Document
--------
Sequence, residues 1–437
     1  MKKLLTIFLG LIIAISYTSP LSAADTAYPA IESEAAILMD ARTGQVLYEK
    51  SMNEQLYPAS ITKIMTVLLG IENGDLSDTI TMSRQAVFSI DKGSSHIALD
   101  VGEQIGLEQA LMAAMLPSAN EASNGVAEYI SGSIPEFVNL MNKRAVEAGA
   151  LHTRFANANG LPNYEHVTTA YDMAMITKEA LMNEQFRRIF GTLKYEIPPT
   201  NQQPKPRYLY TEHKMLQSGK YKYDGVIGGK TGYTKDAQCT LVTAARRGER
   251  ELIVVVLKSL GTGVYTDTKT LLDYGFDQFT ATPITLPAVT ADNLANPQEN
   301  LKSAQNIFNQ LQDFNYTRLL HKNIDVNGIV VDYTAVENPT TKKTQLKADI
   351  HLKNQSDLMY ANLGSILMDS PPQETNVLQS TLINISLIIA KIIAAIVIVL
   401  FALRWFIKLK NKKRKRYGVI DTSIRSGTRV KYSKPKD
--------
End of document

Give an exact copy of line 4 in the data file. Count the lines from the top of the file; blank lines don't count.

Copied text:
   101  VGEQIGLEQA LMAAMLPSAN EASNGVAEYI SGSIPEFVNL MNKRAVEAGA